Insoluble pasted electrodes, on the other hand, have different problems than soluble ones. The insoluble NiOOH plates, for example, undergo a solid state reaction wherein the reactant changes from one solid form to another in situ, but without going into solution. This reaction is as follows:
NiOOH+H2 O+e→Ni(OH)2 +OH-
wherein protons from the electrolyte and electrons from the circuit move into the nickel oxide crystal lattice and restructure the nickel compound. This reaction is reversed on recharge. Expansion and contraction of the active material mass accompanies this solid state transition and severely stresses pasted plates having conventional monolayer grids. In this regard, the active material separates from the gridwires and often sheds from the plate and falls to the bottom of the cell. Breakage of the gridwires often occurs. All of these detrimental effects combine in time to reduce the performance of the plate. Moreover, NiOOH and Ni(OH)2 compounds are poor conductors of electricity, and hence, costly and weighty inert conductive diluents (e.g., graphite or nickel powder) are typically added to the active material of pasted plates to effectively extend the conductivity of the grid throughout the active material.
It is another object of the present invention to provide a strong, lightweight grid for insoluble alkaline battery plates of the pasted type which grid will become intimately integrated with the active material to promote better retention of the active material, improved contact with the active material and improved electrical conductivity throughout the plate even at reduced conductive diluent loadings.
It is a still further object of the present invention to provide a method of making a laminated, metal-coated thermoplastic battery grid which is divided into a plurality of active-material-retention pockets bounded by conductive buses and including a plurality of grid wires extending throughout the pockets.
These and other objects and advantages of the present invention will become more readily apparent from the detailed description thereof which follows.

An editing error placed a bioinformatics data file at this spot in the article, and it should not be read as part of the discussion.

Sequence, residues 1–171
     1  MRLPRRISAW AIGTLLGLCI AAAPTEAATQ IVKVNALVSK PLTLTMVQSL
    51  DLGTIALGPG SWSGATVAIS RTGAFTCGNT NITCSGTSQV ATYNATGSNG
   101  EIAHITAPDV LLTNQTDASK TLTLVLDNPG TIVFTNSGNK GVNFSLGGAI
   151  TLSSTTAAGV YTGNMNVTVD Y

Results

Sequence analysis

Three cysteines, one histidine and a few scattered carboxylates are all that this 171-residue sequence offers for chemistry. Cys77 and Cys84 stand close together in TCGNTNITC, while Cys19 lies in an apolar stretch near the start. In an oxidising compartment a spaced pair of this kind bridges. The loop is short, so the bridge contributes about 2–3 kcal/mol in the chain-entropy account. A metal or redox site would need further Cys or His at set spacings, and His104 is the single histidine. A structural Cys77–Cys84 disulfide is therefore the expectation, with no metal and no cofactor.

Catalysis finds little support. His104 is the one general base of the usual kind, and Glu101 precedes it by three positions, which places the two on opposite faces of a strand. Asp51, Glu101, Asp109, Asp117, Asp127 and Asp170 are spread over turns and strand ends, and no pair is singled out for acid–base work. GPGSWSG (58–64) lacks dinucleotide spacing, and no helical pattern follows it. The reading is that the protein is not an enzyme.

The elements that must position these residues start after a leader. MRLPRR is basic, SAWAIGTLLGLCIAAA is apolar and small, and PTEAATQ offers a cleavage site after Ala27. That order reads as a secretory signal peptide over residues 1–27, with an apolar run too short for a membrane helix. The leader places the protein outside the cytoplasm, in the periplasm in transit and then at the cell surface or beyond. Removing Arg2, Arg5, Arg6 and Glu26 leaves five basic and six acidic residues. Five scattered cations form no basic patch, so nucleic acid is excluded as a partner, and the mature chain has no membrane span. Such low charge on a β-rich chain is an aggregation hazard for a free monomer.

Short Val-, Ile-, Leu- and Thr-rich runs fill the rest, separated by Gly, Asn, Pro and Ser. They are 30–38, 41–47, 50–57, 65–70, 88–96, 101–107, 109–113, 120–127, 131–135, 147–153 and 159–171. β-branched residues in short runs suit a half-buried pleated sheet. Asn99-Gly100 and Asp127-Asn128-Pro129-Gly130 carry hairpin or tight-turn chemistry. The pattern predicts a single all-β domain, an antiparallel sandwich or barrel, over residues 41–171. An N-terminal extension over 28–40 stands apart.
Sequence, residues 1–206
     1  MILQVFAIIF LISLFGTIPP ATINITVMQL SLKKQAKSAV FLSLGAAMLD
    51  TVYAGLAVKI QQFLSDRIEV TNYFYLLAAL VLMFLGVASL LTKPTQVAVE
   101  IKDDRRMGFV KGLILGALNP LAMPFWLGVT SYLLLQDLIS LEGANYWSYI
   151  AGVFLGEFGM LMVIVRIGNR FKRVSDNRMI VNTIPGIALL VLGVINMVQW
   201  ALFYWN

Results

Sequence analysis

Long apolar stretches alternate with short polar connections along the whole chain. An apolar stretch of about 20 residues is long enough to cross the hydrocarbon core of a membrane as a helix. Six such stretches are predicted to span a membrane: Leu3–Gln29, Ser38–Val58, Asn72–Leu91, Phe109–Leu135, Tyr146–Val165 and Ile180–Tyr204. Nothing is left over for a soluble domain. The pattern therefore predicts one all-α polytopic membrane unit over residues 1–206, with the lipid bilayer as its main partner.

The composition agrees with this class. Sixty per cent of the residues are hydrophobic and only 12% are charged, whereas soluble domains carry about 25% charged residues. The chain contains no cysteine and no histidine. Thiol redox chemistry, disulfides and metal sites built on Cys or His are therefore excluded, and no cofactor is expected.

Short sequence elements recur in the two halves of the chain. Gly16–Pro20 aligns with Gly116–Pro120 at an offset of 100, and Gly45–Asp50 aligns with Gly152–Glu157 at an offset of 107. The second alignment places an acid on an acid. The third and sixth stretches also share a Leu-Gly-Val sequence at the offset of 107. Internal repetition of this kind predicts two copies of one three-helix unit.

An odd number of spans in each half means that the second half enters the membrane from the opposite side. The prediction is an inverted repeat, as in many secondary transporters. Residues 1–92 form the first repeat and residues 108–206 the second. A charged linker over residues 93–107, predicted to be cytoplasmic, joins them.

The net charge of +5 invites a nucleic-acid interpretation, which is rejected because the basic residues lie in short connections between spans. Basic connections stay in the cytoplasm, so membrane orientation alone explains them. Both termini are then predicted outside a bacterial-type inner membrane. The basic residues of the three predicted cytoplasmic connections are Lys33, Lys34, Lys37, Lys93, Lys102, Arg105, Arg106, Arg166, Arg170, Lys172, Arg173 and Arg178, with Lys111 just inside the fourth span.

The invention comprehends a grid which is useful for both soluble and insoluble reactant, pasted-type electrodes and which is formed from at least two metal-coated thermoplastic gridwire networks (e.g., screen, expanded strip, punched sheet, etc.) bonded together so as to define a plurality of discrete pockets bounded by conductive buses. Each pocket includes a bundle of intersecting gridwires extending throughout the pocket for intimate integration with the active material therein and consequent uniform low current density distribution of current therethrough. The several pockets are physically isolated one from the other by a plurality of elongated channels formed in the faces of the grid. The pocket-defining channels result from welding (e.g., heat sealing) thermoplastic networks together along a number of lines across the face of the grid. The channels left by the welding/heat sealing operation are defined by thin walls of the thermoplastic from the networks which flows out from between the heat-sealing tools during the joining of the networks. A thin metal coating (e.g., sprayed, plated, etc.) covers the surfaces of the gridwires and the channel walls and serves to provide conductivity as well as increase the stiffness and dimensional stability of the grid. The coated walls of the pocket-defining channels effectively become electrical buses for distributing current substantially uniformly across the face of the grid as well as substantially uniformly within each pocket surrounded by the channels. In effect, then, there is formed a single lightweight grid of large dimension, but which has a current distribution capability akin to dimensionally smaller plates. This more uniform current distribution is seen to reduce the otherwise common effect of "shape change" resulting from uneven current distributions across the face of a plate.